Bio-based Lubricants and Process Materials in Sustainable Public AcquisitionCopyright: © ifas
Damage to the environment and health risks can be minimized by using environmentally friendly lubricants and process materials. Despite the proven technical performance of bio-based lubricants, their sales volume is stagnating. The aim of the study is to record the substitution potential for biohydraulic oils in the context of federal construction projects.
|Detailed determination of the hydraulic oil consumption of various construction machines||Research on oil consumption per hour|
|Recording of hydraulic oil consumption for federal construction projects||Breakdown of the construction machinery used and its operating time|
|Classification of construction projects in terms of hydraulic oil consumption||Creation of sample calculations|
Stocktaking and Recommended Actions
Environmentally friendly lubricants and process materials are used in a wide variety of technical applications. Particularly in mobile machinery, efforts are being made to further establish biolubricants. Due to unforeseeable accidents and leaks, a considerable amount of lubricants is released into the environment every year. This results in the contamination of the affected environment. For this reason, for example, soils have to be extensively reprocessed after contact with hydraulic oil so that they return to their original natural state. Bio-based hydraulic oils minimise this problem through their biodegradability and antitoxicity. In addition, bio-based lubricants consist of at least 25 % renewable components, which has a positive effect on the ecological balance of the fluids. In addition to the benefits for people and the environment, they also offer a number of technical advantages. Despite the proven performance of environmentally friendly lubricants and process fluids, the growth of the market share of biolubricants is stagnating. The market share is at an almost constant value of 4 - 5 %.
Determining the Hydraulic Oil Consumption of Various Construction Machines
The oil consumption of construction machinery provides information on the substitution potential of biolubricants. The volume of the respective hydraulic tanks and the change intervals suggested by the manufacturer were taken into account. This makes it possible to calculate the hydraulic oil consumption per hour of various mobile machines. Thus, a database was created that shows the consumption of various machines from different manufacturers. In addition to frequently used construction machines such as mobile excavators or wheel loaders, special attention is paid to road construction machines. In this area, the high heat load (e.g. from hot asphalt) leads to rapid oil ageing and thus to short change intervals.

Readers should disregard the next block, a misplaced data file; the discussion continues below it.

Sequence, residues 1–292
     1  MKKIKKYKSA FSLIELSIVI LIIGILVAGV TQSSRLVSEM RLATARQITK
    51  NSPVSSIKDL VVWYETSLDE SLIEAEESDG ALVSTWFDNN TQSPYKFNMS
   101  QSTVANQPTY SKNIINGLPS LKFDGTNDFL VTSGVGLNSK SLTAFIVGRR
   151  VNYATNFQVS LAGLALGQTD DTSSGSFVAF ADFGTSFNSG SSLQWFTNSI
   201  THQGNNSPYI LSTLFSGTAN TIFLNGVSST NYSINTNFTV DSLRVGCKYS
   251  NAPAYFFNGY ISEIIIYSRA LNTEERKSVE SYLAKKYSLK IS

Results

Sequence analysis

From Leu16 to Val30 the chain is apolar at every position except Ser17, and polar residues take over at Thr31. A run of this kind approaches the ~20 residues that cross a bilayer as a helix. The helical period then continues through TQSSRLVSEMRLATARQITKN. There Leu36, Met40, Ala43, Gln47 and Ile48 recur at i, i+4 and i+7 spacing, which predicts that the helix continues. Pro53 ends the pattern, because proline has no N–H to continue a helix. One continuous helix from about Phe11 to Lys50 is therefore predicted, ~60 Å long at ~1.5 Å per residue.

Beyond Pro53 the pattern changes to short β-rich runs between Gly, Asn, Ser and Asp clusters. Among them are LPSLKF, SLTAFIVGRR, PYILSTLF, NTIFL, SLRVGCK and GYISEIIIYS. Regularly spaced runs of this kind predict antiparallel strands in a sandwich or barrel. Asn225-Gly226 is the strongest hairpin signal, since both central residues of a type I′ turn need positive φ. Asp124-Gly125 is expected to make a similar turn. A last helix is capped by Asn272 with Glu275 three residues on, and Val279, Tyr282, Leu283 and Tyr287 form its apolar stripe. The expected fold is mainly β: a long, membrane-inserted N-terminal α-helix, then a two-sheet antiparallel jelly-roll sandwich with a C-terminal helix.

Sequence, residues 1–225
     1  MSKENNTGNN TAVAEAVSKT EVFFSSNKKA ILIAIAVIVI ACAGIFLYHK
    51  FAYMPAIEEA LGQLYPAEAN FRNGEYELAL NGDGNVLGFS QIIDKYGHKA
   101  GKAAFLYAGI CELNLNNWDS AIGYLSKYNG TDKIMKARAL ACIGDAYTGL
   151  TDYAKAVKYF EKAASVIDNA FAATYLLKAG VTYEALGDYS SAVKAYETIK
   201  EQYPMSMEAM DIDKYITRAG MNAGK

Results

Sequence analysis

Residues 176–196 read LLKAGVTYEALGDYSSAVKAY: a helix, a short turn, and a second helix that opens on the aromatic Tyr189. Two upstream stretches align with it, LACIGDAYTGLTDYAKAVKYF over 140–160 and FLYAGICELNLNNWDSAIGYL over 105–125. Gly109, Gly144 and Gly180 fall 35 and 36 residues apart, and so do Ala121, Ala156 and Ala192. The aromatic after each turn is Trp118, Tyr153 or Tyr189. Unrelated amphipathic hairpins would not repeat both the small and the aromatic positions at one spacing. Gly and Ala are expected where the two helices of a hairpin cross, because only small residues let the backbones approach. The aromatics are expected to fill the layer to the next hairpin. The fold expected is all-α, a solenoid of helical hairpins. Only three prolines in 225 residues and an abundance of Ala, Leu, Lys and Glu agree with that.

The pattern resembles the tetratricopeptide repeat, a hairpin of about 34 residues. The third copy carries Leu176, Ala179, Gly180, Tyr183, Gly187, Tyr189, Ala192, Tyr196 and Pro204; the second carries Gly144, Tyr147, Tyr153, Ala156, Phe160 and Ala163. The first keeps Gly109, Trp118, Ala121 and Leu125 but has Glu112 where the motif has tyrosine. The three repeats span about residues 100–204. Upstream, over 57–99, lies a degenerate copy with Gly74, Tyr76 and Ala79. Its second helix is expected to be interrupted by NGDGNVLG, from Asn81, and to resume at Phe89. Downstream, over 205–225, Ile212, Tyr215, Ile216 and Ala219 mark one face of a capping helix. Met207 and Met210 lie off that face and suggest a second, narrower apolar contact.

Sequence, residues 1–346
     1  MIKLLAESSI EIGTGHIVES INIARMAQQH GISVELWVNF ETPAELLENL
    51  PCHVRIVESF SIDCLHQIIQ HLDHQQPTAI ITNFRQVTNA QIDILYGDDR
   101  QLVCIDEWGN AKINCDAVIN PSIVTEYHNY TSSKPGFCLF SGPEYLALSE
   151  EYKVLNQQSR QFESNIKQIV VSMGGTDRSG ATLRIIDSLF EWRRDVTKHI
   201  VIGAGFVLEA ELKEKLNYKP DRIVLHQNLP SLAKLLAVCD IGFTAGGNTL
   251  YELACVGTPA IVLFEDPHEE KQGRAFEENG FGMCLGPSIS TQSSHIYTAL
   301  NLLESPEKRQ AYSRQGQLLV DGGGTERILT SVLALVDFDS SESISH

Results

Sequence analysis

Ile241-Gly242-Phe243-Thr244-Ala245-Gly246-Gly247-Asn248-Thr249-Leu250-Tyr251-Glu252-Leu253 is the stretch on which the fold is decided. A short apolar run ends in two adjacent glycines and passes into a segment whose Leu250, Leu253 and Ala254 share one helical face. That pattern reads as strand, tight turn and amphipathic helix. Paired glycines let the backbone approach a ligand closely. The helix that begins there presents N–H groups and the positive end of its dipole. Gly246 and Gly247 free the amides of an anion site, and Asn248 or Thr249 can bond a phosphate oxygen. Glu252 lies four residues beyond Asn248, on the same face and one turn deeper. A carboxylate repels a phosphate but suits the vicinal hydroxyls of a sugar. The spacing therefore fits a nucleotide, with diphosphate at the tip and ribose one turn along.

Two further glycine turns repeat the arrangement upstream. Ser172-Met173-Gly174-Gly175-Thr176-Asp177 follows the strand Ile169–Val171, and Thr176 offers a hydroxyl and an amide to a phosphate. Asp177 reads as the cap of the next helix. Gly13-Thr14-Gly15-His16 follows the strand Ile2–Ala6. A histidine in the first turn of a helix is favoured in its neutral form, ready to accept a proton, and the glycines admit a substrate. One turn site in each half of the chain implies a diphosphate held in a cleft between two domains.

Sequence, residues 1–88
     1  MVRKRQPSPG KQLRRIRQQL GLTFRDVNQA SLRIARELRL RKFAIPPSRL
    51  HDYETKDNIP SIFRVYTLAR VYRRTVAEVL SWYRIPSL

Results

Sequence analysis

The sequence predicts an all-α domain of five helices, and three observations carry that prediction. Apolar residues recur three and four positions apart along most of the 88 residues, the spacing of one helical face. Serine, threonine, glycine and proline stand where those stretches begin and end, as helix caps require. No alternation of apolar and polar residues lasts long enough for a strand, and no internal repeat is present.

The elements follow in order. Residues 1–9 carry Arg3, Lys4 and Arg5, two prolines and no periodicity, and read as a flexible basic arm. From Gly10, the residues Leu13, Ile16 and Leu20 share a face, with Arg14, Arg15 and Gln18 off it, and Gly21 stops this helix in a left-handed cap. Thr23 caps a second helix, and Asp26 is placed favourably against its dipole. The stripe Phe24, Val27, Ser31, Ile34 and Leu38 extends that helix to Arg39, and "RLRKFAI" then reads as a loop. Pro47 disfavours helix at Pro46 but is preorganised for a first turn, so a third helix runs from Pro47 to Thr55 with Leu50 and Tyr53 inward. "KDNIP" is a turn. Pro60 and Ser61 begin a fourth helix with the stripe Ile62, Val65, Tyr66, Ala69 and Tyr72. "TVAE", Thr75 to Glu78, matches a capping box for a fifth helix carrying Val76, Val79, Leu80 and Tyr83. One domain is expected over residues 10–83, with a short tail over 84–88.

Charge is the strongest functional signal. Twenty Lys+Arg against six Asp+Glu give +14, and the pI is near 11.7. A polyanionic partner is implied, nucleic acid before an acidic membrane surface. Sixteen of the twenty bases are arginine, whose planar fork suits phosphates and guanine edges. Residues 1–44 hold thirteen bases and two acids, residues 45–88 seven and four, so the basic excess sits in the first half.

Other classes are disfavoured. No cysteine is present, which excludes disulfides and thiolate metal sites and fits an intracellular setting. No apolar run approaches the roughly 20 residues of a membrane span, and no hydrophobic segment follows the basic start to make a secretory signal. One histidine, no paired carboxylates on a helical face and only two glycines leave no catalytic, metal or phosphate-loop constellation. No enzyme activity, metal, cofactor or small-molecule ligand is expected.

Hydraulic Oil Consumption in Federal Construction ProjectsCopyright: © ifas
The work machines were then considered in their areas of application and various example projects and their hydraulic oil consumption were analysed. In addition to example projects, the Federal Transport Infrastructure Plan 2030 was considered, which is a central plan of the Federal Government for the new construction and expansion of interregional transport routes. It was possible to show the amount of substitution potential in these areas and what developments can be expected in the sales market.
The examination of the various construction projects showed that the share of the costs of hydraulic oil in the total costs of the construction projects is low. For biohydraulic oils, this share is about 1 % of the total order volume. This is relevant for communication with tenderers and users, as the cost differences between mineral oil-based and bio-based hydraulic oils, measured in terms of total construction projects, prove to be small. This invalidates the frequently cited obstacle of higher costs compared to the use of biohydraulic oils.
Several workshops were held to communicate the data obtained.
The NoeBio research project is funded by the Agency of Renewable Resources (Fachagentur Nachwachsender Rohstoffe e.V.). (FNR). Special thanks go to the collaborative partner, Technik Arbeit Transfer gGmbH (TAT), with whom the project was worked on.